LESI | Print Page | Sign In | Join
News & Press: Featured Articles

Recent Federal Circuit Decision Broadening the Attribution Standard for Divided Infringement Results

Tuesday, May 10, 2016   (0 Comments)
Share |

Recent Federal Circuit Decision Broadening the Attribution Standard for Divided Infringement Results in Reinstatement of Infringement Claims

By John Paul, Brian Kacedon, and Robert MacKichan

In Mankes v. Vivid Seats Ltd., the Federal Circuit considered the impact of the recently decided Akami-Limelight cases on liability for “divided infringement”—a situation that occurs when the steps of a patented method claim are performed by two or more parties, and that raises the question of whether the acts of one entity can be attributed to another and give rise to liability for infringement.

The claimed method in Mankes involves a series of steps for controlling goods sold both on the Internet and at local site where the local site maintains the total inventory of available goods and communicates information about the inventory to the Internet site.  In separate cases, the plaintiff Robert Mankes accused both Fandango and Vivid Seats of infringement by their operation of Internet-based reservation systems for reserving, buying, and selling tickets to various events.  Mankes did not allege that Vivid Seats and Fandango themselves performed every step of the claimed method, but argued divided infringement on the ground that local entertainment venues perform the remaining steps.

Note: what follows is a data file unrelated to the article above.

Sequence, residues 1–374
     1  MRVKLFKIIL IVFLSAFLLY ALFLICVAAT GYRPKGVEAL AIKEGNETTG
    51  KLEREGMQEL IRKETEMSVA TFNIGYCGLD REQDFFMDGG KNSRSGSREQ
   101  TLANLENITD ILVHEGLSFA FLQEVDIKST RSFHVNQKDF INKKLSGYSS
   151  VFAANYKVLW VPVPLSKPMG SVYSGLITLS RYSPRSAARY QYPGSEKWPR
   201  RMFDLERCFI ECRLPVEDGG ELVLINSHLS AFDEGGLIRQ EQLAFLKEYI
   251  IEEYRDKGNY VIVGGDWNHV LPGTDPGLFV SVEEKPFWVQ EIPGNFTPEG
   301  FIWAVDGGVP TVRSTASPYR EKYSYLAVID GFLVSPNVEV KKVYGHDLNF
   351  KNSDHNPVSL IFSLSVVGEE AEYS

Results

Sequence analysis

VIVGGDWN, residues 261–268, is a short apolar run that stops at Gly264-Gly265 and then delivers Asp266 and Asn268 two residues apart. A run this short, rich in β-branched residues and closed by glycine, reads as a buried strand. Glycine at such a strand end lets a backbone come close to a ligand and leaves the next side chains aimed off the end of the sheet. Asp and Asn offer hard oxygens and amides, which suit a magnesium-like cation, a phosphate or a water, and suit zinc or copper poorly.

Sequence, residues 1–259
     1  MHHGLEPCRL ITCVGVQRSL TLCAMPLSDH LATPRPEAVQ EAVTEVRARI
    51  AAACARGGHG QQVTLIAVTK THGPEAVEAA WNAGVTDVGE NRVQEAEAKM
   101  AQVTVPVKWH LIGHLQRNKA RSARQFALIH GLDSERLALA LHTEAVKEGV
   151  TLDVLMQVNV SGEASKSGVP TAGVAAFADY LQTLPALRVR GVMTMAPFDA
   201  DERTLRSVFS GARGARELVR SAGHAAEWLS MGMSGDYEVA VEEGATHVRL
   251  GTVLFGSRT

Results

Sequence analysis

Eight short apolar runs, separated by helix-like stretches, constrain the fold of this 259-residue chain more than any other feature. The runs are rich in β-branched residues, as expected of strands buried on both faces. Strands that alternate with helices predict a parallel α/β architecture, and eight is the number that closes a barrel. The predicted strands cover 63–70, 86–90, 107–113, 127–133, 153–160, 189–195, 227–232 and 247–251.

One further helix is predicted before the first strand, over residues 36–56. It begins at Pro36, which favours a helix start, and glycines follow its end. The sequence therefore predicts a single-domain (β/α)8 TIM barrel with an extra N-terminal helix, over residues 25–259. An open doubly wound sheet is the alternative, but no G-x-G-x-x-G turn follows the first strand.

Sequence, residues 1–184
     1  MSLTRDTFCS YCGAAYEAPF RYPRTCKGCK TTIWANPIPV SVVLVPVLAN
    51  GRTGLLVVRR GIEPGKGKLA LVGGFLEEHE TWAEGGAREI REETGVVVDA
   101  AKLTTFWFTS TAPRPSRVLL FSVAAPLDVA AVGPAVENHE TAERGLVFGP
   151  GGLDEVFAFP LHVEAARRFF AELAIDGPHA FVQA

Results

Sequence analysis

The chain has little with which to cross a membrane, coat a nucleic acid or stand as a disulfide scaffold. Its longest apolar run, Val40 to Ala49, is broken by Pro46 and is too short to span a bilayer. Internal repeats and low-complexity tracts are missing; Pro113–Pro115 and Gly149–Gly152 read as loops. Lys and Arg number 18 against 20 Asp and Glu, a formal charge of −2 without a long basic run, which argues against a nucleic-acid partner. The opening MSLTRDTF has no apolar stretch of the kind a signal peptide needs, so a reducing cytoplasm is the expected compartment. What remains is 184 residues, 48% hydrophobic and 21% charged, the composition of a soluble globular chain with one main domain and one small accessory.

Mankes’s cases came at a time when the law of divided-infringement was in a state of flux due to a series of Federal Circuit and Supreme Court decisions in a case between Akami and Limelight (“Akami-Limelight”).  Mankes’s cases against Fandango and Vivid Seats were filed after an en banc Federal Circuit ruled in “Akami II”  that while Limelight could not be held liable for direct patent infringement under existing standards, induced patent infringement may be established even if no one party could be held liable for direct patent infringement.  When the Supreme Court granted certiorari from that en banc decision, Mankes’s district court cases were stayed pending the outcome of the Supreme Court’s decision.  The Supreme Court ultimately ruled that induced infringement did not exist in cases of divided infringement, but that the Federal Circuit could revisit the standards for showing direct infringement in cases of divided infringement.  

On remand, the Federal Circuit took the Akami-Limelight case back up at the panel level.  At that point, Mankes’s cases resumed, and the defendants, Vivid Seats and Fandango, moved for judgment on the pleadings.  Although there was no dispute that Fandango or Vivid Seats together with the local venues performed all the claim steps, the district court found that they could not be held liable under the current direct infringement standard because Mankes failed to allege sufficient facts showing that the defendants “direct or control” the local venues or their actions.  Specifically, the district court found that Mankes did not allege that the local venues were either agents of the defendants’, or that the defendants required them to take the particular actions that constitute performance of the claim steps.  Accordingly, judgment on the pleadings was entered for the defendants in each case and Mankes appealed to the Federal Circuit.  The separate cases against Fandango and Vivid Seats were combined for the purposes of the appeal.